There is no caste-system in Vedas
    http://agniveer.com/888/caste-vedas/

    Breaking India : Western Interventions in Dravidian and Dalit Fault Lines
    http://www.breakingindia.com

    March 6, 2011 at 6:25 am |
  4. Allicia

    I believe that the verse in the Rig Veda that mentions the creation of the caste system is actually Rig Veda 10:90, not Rig Veda 90:10

    August 24, 2010 at 3:00 pm |
  5. LearnedLady

    Centuries ago, during the B.C. years, India was perhaps just forests interspersed with pockets of civilization. These pockets grew as outsiders joined in. These outsiders brought their skills and religious beliefs with them, some of which they tried to impose on the local populace. They also adopted some of the local beliefs and customs. It’s also evident, from legends and folk tales, that they married locals of equal standing. For example, a chieftain married a local chieftain’s progeny and a skilled craftsman married the daughter of the local craftsman he was apprenticing with. Eventually these practices, beliefs, and customs became what we now call Hinduism.

    But our ancestors, who brought it about, didn’t actually see themselves as proponents of a new religion. What they wanted to do was to establish a way of life, establish a code of conduct, a set of norms that people could follow. This way, they wanted to maintain order in society. Probably some of them even had an ulterior motive of keeping the so called lower castes away from the more lucrative professions and vocations. They had their reasons, but I doubt they set out to start a new religion. A religion is supposed to unify all people; tell them that they are the children of one god or of the same set of higher beings. Our culture didn’t. Because in the India of yore, the caste system defined how you worshipped your deity, what education you got, what vocation you chose, and even what food you ate. We never really had a single unifying religion. To foreigners, however, we all appeared to be following a religion, and so they started calling our social structure Hinduism.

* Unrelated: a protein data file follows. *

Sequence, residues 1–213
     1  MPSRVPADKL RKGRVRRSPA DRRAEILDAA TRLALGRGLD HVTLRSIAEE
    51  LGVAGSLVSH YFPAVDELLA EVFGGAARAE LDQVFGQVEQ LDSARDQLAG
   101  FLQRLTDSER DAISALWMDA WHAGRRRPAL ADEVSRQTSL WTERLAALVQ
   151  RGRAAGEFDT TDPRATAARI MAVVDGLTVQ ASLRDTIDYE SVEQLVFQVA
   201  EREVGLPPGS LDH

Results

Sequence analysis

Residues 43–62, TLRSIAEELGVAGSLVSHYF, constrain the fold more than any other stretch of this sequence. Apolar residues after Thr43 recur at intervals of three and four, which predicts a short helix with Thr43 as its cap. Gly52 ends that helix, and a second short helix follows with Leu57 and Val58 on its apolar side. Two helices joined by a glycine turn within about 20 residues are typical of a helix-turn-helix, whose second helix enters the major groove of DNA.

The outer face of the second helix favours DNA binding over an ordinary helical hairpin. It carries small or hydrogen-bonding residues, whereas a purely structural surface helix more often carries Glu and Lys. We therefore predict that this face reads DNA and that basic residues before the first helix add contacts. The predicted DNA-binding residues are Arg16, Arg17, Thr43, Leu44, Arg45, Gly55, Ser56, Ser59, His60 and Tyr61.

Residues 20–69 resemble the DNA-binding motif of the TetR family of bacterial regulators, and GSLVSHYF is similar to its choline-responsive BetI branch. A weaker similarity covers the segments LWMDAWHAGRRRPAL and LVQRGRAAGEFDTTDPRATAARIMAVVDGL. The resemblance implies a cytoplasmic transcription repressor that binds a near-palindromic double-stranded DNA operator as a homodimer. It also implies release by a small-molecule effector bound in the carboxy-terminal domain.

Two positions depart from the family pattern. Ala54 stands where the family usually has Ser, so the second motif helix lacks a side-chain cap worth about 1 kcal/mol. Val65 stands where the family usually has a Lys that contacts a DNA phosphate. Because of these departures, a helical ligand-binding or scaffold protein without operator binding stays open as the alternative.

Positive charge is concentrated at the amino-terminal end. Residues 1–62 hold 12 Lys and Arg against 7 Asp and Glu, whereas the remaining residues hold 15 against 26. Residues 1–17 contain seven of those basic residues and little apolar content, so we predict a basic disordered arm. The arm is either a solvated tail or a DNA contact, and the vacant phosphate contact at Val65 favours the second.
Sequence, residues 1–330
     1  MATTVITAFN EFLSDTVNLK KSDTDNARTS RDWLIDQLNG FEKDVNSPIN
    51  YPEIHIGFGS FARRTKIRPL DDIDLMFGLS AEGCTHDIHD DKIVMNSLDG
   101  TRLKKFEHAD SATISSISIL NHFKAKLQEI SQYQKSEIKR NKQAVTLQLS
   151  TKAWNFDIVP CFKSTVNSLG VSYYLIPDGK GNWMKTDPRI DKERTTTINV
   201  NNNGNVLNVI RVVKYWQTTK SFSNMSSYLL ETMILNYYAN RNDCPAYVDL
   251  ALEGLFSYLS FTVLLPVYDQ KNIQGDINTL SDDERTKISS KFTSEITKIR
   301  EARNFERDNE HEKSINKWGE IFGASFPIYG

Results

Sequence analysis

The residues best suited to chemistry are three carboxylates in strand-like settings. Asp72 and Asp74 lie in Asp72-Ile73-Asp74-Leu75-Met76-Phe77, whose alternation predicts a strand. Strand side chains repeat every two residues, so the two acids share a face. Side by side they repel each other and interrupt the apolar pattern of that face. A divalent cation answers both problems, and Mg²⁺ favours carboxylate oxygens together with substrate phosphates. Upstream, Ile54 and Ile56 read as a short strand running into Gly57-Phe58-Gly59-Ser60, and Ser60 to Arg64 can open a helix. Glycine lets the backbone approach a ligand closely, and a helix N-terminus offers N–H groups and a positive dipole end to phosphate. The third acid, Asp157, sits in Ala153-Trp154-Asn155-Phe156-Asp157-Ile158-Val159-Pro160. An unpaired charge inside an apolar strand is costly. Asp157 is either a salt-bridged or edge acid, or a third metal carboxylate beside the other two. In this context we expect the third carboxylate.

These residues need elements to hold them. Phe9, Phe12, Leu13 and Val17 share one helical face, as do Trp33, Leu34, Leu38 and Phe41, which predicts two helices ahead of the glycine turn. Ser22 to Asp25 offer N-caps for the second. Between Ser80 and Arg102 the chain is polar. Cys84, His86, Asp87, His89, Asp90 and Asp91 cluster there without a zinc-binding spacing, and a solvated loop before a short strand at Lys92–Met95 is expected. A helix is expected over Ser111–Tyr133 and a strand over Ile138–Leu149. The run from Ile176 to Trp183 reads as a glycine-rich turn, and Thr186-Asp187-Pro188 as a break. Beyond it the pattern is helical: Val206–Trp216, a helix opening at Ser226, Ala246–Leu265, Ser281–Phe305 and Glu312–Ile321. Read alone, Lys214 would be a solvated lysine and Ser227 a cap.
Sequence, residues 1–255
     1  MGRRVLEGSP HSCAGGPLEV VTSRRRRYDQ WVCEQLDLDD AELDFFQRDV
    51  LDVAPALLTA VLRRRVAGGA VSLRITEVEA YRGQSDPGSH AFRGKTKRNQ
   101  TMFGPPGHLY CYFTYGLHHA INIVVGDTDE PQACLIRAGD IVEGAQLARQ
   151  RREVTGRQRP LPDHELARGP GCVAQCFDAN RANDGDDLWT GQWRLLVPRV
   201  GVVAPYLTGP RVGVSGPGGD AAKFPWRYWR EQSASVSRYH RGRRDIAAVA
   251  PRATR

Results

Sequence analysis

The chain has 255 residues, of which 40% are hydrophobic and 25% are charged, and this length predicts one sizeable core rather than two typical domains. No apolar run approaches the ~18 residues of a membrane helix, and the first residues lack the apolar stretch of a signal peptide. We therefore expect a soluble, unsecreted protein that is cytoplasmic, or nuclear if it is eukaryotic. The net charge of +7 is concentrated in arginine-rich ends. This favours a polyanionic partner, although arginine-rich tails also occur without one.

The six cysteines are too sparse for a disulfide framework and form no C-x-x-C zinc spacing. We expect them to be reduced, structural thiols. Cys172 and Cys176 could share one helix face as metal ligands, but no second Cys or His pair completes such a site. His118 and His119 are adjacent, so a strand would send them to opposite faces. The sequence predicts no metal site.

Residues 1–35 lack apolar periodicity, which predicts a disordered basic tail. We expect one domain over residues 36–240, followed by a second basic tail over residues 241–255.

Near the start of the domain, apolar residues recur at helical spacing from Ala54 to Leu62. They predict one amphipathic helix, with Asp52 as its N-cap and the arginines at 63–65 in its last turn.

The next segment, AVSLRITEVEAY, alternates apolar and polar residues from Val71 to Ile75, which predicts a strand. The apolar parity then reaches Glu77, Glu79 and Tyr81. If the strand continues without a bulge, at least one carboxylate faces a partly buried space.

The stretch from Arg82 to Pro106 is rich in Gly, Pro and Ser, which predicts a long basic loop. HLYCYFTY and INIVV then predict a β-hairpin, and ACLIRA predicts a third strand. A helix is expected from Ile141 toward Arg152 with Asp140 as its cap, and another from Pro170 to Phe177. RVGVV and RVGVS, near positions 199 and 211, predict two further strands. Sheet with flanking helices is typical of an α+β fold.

Things have changed now. The lower castes have made great progress, and they enjoy much higher status in society than they ever did before. The upper castes have stooped a bit to allow this, and things seem fine. Now it’s time to recognize this fact and allow all people to be equal and not undermine the calibre of certain castes by calling them weak or underdeveloped and by reserving government jobs for them. It’s time to improve the education system and equip every one for the vocation they eventually want to pursue. There shouldn’t be a shortcut to success for certain sections any more. As for marriage and other similar stuff, it should be left to the judgement of each educated and capable individual.

    July 30, 2010 at 3:47 am |
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The CNN Belief Blog covers the faith angles of the day's biggest stories, from breaking news to politics to entertainment, fostering a global conversation about the role of religion and belief in readers' lives. It's edited by CNN's Daniel Burke with contributions from Eric Marrapodi and CNN's worldwide news gathering team.